3. Rage against the machine: When you’re out on the field sprinting to get past an opponent, or fighting to win a face-off, your body doesn’t move along some predetermined path, so why would you train that way? The fact is, resistance training machines, for the most part, offer a poor conditioning option for athletes. The few exceptions being things like Free Motion cable devices and Keiser pneumatic machines that allow for movement in a three dimensional plane- which is the way our bodies move in real life.

Sure, some machines make it easy to isolate specific muscle groups, which can help in situations when you’re rehabbing from an injury, or addressing muscles imbalances. Aside from those instances though, most machines are at best a waste of time and at worst, actually contributing to your chances of getting hurt!

The Smith machine, the plate loaded leg press and the pec deck are the leaders of the pack in the latter category. Not at all a “safer” alternative to free weights, as they’re often touted as being, these overly popular machines can place some serious strain on your joints. My advice: take a pass and stick to exercises like squats, lunges, step-ups and various multi-joint, upper body pushing and pulling movements (i.e. horizontal presses, rows, vertical presses and pull-up variations) instead.  

4. Pump up the volume?: By volume, here I’m referring to the total volume of work being done as measured by reps and sets. In my experience, there’s just way too much volume in the typical weight room approach- especially when said volume does little more than contribute to overtraining and imbalance.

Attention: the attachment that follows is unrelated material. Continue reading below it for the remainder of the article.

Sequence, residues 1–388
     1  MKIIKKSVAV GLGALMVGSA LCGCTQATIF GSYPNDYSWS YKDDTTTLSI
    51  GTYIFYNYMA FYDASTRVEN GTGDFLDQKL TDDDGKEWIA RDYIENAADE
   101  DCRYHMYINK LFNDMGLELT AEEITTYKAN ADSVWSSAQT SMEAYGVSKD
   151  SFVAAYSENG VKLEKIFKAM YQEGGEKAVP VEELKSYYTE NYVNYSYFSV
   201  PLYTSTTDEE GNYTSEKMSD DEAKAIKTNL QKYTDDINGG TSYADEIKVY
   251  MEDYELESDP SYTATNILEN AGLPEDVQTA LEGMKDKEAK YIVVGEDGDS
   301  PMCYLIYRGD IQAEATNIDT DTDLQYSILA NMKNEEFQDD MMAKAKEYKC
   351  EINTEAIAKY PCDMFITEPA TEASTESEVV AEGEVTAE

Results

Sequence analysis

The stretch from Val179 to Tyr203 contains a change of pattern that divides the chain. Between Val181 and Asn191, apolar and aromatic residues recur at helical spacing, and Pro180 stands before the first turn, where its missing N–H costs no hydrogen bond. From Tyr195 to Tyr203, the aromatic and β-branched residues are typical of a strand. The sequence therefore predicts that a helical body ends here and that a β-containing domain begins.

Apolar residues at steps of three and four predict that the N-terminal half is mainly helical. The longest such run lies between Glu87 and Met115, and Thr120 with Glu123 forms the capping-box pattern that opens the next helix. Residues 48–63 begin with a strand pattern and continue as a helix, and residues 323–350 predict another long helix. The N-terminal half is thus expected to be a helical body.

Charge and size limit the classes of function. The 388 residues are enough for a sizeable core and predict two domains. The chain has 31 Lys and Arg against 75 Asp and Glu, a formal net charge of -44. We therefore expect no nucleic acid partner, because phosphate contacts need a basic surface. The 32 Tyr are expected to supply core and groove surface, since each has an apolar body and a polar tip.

Believe it or not, you don’t need 3-4 sets of bench presses, followed by 3-4 sets of incline dumbbell presses, followed by 3-4 sets of dips and then a few sets of flys thrown in for good measure. That might be a fine chest workout if you’re training to be Mr. Olympia, but for an athlete it’s absolutely pointless!

When it comes to training volume, think less, not more. Strive for total body workouts that train movements- not just muscles. Think exercises like cleans, squats, various types of presses, core stabilization and rotary drills etc. As a general rule of thumb, depending on the goals of the particular type of training cycle that you’re in (hypertrophy, strength, power etc.), your total workout volume really shouldn’t exceed more than about 18-24 total sets. If you train like a bodybuilder as detailed above, that equates to maybe two body parts per workout- if you’re lucky!

5. Use a variety of tools: Even when they do manage to steer away from machines, the majority of athletes I see training in gyms tend to be way too focused on free weights. Don’t get me wrong; I’m a huge advocate of free weight training and definitely rely on it as the cornerstone of most of the programs that I design. It’s just that we’re living in an age where there are so many other viable training options available, it seems a shame not to take advantage of some of them. Whether it’s stability balls to help develop core strength, BOSU’s, wobble boards and other types of balance devices, body weight suspension trainers, or resistance bands, today’s athletes have a seemingly endless array of tools that can help to sort of “fill in the cracks” where a typical free weight program falls short. They also offer a nice change of pace, by keeping workouts from getting stale.

In case you’re unfamiliar with the proper usage of some of these devices, be on the lookout for my upcoming article series, where I’ll be highlighting a different training aid in each installment. Until then, keep these rules in mind the next time you set foot in the gym and see how much different, and more productive your workouts become.